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Subject: Invade Vietnam?
Softwar    9/10/2008 11:08:48 AM
The Vietnamise government has complained through diplomatic channels to the PRC that there are "invasion" plans being posted on some web sites inside China. The PRC government is blaming this on "hyper" nationists but has so far not removed or blocked the web pages.
 
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tigertony       9/10/2008 12:41:50 PM
 
 

Having fun at Vietnam's expense

Some curious things get by the internet censors in China, and sometimes that raises a lot of questions.

Take for example the curious situation of internet users who are openly discussing China?s supposed plans to ?occupy? Vietnam.

This has rattled Hanoi. According to an article today in the South China Morning Post, an English-language daily in Hong Kong, Hanoi has summoned Chinese diplomats twice in the past month to seek explanations.

China, after all, is said to employ 35,000 people to sanitize internet content, not to mention the throngs of ?guides? in the ?50 cent? brigades who offer support of party policy on any number of themes on internet bulletin boards.

The Morning Post (which is behind a pay wall) said the ?occupation plans? appear to be unofficial. Yet censors do not seem to be leaping for the ?delete? button. Curious.

The supposed plans detail a 31-day invasion, starting with five days of missile strikes from land, sea and air and climaxing in an invasion involving 310,000 troops sweeping into Vietnam from Yunnan , Guangxi and the South China Sea. The electronic jamming of Vietnamese command and communications centres is mentioned, along with the blocking of sea lanes in the South China Sea.

"Vietnam ... is a major threat to the safety of Chinese territories, and the biggest obstacle to the peaceful emergence of China," the plans posted on Sina.com and at least three other websites say.

"Also, Vietnam is the strategic hub of the whole of Southeast Asia. Vietnam has to be conquered first if Southeast Asia is to be under [China's] control again.

"From all perspectives, Vietnam is a piece of bone hard to be swallowed."

In a statement to the South China Morning Post, Vietnamese Foreign Ministry spokesman Le Dung confirmed Beijing officials had been asked "to act so that such negative articles will not appear again since these may be harmful to ... bilateral relations".

"This is irrelevant information which goes against the trend of peace, friendship and co-operation for development in the region and the world and is not in the interests of the fine relationship existing between Vietnam and China," Mr Dung said.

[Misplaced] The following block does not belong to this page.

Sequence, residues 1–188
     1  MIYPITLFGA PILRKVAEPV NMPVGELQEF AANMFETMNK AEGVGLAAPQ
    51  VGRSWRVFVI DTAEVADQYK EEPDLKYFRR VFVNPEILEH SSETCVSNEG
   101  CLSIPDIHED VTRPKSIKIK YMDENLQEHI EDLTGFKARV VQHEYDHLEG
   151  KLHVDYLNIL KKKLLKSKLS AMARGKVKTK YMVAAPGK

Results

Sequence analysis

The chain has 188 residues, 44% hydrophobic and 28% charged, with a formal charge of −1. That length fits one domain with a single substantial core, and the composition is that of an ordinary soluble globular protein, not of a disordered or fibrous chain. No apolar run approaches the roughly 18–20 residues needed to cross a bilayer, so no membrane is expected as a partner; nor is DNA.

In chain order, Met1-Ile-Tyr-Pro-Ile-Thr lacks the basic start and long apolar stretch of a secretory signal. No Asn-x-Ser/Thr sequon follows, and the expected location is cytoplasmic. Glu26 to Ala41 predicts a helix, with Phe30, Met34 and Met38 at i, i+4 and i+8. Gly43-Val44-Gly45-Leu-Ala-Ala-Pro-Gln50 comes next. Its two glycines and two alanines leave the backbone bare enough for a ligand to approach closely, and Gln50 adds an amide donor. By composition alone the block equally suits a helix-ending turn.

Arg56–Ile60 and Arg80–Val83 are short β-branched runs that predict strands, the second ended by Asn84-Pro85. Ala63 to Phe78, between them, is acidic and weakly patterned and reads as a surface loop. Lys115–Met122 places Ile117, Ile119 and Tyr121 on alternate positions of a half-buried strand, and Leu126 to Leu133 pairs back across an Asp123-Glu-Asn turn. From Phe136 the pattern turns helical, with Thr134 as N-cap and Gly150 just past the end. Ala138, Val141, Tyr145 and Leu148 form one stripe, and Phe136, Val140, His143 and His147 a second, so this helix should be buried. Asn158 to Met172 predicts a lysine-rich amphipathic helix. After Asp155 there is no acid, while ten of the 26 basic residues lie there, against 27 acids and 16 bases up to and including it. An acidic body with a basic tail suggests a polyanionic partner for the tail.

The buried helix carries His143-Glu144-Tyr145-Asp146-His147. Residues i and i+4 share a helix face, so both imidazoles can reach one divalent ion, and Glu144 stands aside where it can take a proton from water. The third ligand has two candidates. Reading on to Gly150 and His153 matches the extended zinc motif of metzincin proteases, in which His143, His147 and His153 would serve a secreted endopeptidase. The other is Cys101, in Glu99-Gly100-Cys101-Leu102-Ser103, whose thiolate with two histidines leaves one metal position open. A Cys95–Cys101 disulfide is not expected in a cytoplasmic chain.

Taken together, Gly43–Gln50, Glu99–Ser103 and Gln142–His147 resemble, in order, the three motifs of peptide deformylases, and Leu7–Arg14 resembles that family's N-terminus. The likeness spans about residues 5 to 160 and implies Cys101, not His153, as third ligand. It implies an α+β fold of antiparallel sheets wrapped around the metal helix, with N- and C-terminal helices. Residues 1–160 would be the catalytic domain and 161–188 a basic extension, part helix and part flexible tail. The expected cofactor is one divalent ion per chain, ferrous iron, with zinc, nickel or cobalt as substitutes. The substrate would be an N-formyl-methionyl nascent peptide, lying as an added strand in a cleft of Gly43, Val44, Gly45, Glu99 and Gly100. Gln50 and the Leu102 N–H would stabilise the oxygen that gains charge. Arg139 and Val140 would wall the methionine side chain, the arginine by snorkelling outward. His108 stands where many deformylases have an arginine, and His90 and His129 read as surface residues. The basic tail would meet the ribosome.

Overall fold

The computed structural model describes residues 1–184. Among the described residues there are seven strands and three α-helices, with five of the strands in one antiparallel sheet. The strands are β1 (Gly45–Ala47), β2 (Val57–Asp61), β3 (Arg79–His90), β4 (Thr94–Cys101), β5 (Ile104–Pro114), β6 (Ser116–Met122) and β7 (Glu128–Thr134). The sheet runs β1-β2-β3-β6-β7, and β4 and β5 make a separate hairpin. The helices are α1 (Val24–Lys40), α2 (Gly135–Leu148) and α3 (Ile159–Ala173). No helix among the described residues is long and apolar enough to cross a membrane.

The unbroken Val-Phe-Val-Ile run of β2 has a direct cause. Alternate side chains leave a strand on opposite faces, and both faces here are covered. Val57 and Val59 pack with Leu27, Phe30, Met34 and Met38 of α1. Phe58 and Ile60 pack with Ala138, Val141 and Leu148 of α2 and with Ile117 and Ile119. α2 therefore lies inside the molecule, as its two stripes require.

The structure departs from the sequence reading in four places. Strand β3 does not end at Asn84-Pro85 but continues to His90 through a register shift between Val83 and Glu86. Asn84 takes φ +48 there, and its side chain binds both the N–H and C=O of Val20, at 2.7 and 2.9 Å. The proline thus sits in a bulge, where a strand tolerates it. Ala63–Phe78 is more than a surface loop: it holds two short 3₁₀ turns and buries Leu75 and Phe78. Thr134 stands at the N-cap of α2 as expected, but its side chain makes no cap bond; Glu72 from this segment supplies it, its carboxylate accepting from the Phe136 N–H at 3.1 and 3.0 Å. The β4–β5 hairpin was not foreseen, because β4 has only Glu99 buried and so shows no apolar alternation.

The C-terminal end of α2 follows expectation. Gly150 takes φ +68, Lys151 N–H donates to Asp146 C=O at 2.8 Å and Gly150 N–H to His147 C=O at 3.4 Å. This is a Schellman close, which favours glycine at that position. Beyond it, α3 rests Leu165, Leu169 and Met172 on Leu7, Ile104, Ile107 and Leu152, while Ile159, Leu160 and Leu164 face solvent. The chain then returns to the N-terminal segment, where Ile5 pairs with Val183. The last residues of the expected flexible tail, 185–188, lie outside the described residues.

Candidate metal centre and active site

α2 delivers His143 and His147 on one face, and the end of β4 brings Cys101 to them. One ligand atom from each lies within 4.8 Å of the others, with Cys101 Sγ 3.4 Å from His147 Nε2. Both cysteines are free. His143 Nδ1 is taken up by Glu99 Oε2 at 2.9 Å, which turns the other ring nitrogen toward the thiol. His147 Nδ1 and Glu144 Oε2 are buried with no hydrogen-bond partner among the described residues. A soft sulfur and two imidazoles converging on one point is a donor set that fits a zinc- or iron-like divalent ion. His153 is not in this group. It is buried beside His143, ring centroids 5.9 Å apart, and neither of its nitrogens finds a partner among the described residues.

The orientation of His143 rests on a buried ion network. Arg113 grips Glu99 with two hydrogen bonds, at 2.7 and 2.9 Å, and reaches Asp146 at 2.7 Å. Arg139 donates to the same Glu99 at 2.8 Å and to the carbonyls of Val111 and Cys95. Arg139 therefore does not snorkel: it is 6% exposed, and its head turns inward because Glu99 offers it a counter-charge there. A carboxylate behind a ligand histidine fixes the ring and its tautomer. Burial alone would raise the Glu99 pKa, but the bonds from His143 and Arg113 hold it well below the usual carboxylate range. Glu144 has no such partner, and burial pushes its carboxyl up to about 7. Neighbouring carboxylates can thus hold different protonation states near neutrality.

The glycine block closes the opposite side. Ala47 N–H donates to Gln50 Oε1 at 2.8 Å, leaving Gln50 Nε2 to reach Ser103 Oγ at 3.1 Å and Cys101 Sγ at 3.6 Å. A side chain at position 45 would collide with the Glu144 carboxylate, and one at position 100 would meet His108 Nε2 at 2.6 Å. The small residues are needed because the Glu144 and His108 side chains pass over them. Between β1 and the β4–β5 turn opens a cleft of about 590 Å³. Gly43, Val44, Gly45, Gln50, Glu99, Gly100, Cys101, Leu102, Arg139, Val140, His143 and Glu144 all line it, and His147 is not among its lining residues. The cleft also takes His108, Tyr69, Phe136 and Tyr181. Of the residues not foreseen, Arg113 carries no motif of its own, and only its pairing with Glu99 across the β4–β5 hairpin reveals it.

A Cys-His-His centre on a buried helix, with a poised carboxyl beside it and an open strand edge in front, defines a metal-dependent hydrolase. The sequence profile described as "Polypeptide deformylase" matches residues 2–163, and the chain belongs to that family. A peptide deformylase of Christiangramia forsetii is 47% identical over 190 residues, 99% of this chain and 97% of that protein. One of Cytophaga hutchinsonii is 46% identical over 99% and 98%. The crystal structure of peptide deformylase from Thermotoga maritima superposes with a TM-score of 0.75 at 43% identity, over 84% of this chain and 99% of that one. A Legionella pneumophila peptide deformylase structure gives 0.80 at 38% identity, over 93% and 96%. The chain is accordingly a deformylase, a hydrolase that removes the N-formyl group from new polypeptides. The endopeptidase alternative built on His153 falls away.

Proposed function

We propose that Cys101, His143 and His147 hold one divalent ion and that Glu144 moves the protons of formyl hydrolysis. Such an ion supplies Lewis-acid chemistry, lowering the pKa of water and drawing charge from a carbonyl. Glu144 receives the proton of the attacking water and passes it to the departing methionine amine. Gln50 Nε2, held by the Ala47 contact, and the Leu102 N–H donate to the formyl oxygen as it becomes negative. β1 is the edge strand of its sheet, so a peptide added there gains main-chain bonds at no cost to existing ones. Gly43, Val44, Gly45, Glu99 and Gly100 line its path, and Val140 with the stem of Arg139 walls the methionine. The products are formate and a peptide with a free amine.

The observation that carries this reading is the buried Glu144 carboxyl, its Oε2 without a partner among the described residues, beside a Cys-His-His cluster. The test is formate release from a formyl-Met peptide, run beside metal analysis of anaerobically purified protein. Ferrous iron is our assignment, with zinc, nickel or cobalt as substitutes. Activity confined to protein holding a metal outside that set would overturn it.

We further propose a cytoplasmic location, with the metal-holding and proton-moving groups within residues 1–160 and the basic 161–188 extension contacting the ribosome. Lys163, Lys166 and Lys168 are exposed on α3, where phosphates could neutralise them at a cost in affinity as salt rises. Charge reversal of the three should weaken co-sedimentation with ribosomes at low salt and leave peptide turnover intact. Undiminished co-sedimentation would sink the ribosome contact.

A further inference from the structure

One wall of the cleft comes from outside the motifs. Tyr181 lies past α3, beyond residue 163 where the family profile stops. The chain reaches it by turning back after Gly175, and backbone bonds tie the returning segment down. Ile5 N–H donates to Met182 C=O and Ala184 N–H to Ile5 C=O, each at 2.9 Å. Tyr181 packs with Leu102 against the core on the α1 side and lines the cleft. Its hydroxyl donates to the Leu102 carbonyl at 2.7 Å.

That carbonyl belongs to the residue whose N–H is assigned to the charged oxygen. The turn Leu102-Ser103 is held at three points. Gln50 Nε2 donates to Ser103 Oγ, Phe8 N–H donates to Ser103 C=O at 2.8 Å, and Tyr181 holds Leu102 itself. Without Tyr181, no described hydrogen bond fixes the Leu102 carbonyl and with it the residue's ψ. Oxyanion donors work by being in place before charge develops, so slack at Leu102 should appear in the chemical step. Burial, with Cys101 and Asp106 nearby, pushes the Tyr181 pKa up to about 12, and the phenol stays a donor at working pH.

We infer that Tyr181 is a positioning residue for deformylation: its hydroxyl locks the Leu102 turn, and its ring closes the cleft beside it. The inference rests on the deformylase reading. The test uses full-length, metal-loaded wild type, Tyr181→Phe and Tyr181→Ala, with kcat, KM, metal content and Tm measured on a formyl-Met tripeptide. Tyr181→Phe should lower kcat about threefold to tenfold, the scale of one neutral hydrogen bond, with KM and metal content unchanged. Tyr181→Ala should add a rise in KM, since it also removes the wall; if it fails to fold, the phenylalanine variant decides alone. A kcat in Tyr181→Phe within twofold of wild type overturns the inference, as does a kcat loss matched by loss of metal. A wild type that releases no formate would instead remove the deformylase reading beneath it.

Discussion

Vietnam and China do not have the easiest of relationships even though they are both one-party states and share a 1,400-kilometer border. The two sides had a brief but bloody war in 1979. But they differ over maritime territory, specifically over the Spratly Islands in the South China Sea.

Earlier this year, Hanoi permitted a series of student protests outside the Chinese Embassy. Now, China is permitting its own nationalists to have some fun at Vietnam?s expense.

Could get outta hand.

 
  

Chinese Invasion of Vietnam
February 1979

China's relations with Vietnam began to deteriorate seriously in the mid-1970s. After Vietnam joined the Soviet-dominated Council for Mutual Economic Cooperation (Comecon) and signed the Treaty of Friendship and Cooperation with the Soviet Union in 1978, China branded Vietnam the "Cuba of the East" and called the treaty a military alliance. Incidents along the Sino-Vietnamese border increased in frequency and violence. In December 1978 Vietnam invaded Cambodia, quickly ousted the pro-Beijing Pol Pot regime, and overran the country.

China's twenty-nine-day incursion into Vietnam in February 1979 was a response to what China considered to be a collection of provocative actions and policies on Hanoi's part. These included Vietnamese intimacy with the Soviet Union, mistreatment of ethnic Chinese living in Vietnam, hegemonistic "imperial dreams" in Southeast Asia, and spurning of Beijing's attempt to repatriate Chinese residents of Vietnam to China.

In February 1979 China attacked along virtually the entire Sino-Vietnamese border in a brief, limited campaign that involved ground forces only. The Chinese attack came at dawn on the morning of 17 February 1979, and employed infantry, armor, and artillery. Air power was not employed then or at any time during the war. Within a day, the Chinese People's Liberation Army (PLA) had advanced some eight kilometers into Vietnam along a broad front. It then slowed and nearly stalled because of heavy Vietnamese resistance

 
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Softwar    Tiger In Your Tank!   9/10/2008 1:28:50 PM
Keep in mind the latest threats made by Beijing against ExxonMobil to not do an off shore oil search with Vietnam in contested South China sea waters.  China and Vietnam have been waging a campaign over the Spratleys for quite some time and this may be tied in to that campaign of intimidation.
 
In addition, China and Vietnam are battling over the upcoming leadership changes in Laos - each pushing its own communist candidates for the leadership roles.
 
Overall - I would watch my back if I were Hanoi.
 
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